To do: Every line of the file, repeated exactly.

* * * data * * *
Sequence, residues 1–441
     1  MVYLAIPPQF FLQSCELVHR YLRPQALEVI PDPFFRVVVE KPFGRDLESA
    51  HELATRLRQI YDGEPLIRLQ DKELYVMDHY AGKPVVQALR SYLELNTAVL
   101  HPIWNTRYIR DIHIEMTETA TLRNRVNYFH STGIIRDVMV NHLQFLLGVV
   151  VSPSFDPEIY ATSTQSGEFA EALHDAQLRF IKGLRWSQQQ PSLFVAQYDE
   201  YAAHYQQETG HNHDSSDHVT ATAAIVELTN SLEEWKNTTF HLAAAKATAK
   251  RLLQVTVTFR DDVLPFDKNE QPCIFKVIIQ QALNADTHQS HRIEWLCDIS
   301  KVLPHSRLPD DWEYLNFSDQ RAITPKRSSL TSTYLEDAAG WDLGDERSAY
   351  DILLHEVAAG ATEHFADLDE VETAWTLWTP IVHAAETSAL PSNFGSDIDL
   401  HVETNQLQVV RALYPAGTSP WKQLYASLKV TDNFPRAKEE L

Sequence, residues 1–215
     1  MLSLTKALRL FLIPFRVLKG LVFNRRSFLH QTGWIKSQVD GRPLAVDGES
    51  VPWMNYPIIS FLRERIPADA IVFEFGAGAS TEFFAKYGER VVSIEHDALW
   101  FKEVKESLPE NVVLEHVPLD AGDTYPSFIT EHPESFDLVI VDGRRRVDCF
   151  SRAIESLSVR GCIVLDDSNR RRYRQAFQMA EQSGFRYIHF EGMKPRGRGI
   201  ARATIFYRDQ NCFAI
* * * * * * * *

Sequence, residues 1–441
     1  MVYLAIPPQF FLQSCELVHR YLRPQALEVI PDPFFRVVVE KPFGRDLESA
    51  HELATRLRQI YDGEPLIRLQ DKELYVMDHY AGKPVVQALR SYLELNTAVL
   101  HPIWNTRYIR DIHIEMTETA TLRNRVNYFH STGIIRDVMV NHLQFLLGVV
   151  VSPSFDPEIY ATSTQSGEFA EALHDAQLRF IKGLRWSQQQ PSLFVAQYDE
   201  YAAHYQQETG HNHDSSDHVT ATAAIVELTN SLEEWKNTTF HLAAAKATAK
   251  RLLQVTVTFR DDVLPFDKNE QPCIFKVIIQ QALNADTHQS HRIEWLCDIS
   301  KVLPHSRLPD DWEYLNFSDQ RAITPKRSSL TSTYLEDAAG WDLGDERSAY
   351  DILLHEVAAG ATEHFADLDE VETAWTLWTP IVHAAETSAL PSNFGSDIDL
   401  HVETNQLQVV RALYPAGTSP WKQLYASLKV TDNFPRAKEE L

Sequence, residues 1–215
     1  MLSLTKALRL FLIPFRVLKG LVFNRRSFLH QTGWIKSQVD GRPLAVDGES
    51  VPWMNYPIIS FLRERIPADA IVFEFGAGAS TEFFAKYGER VVSIEHDALW
   101  FKEVKESLPE NVVLEHVPLD AGDTYPSFIT EHPESFDLVI VDGRRRVDCF
   151  SRAIESLSVR GCIVLDDSNR RRYRQAFQMA EQSGFRYIHF EGMKPRGRGI
   201  ARATIFYRDQ NCFAI